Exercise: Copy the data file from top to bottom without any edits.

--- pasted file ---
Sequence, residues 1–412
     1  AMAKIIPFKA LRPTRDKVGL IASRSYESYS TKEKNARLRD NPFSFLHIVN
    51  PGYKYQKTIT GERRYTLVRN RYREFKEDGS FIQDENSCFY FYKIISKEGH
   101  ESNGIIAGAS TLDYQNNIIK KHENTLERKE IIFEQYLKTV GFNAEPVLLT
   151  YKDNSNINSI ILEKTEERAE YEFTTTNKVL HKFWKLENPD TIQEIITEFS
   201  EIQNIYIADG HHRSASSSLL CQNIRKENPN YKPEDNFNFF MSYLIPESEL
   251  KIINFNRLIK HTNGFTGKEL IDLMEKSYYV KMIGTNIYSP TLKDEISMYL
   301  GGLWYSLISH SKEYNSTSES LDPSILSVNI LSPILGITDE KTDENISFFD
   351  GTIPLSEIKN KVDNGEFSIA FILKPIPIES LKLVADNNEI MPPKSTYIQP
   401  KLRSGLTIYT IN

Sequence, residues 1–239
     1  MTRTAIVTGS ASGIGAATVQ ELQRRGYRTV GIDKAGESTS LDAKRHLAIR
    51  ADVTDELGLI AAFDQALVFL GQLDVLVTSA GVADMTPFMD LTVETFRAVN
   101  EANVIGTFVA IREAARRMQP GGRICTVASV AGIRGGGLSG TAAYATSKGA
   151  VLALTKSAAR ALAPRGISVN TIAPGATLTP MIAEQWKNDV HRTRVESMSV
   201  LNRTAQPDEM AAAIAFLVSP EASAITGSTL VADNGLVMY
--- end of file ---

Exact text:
Sequence, residues 1–412
     1  AMAKIIPFKA LRPTRDKVGL IASRSYESYS TKEKNARLRD NPFSFLHIVN
    51  PGYKYQKTIT GERRYTLVRN RYREFKEDGS FIQDENSCFY FYKIISKEGH
   101  ESNGIIAGAS TLDYQNNIIK KHENTLERKE IIFEQYLKTV GFNAEPVLLT
   151  YKDNSNINSI ILEKTEERAE YEFTTTNKVL HKFWKLENPD TIQEIITEFS
   201  EIQNIYIADG HHRSASSSLL CQNIRKENPN YKPEDNFNFF MSYLIPESEL
   251  KIINFNRLIK HTNGFTGKEL IDLMEKSYYV KMIGTNIYSP TLKDEISMYL
   301  GGLWYSLISH SKEYNSTSES LDPSILSVNI LSPILGITDE KTDENISFFD
   351  GTIPLSEIKN KVDNGEFSIA FILKPIPIES LKLVADNNEI MPPKSTYIQP
   401  KLRSGLTIYT IN

Sequence, residues 1–239
     1  MTRTAIVTGS ASGIGAATVQ ELQRRGYRTV GIDKAGESTS LDAKRHLAIR
    51  ADVTDELGLI AAFDQALVFL GQLDVLVTSA GVADMTPFMD LTVETFRAVN
   101  EANVIGTFVA IREAARRMQP GGRICTVASV AGIRGGGLSG TAAYATSKGA
   151  VLALTKSAAR ALAPRGISVN TIAPGATLTP MIAEQWKNDV HRTRVESMSV
   201  LNRTAQPDEM AAAIAFLVSP EASAITGSTL VADNGLVMY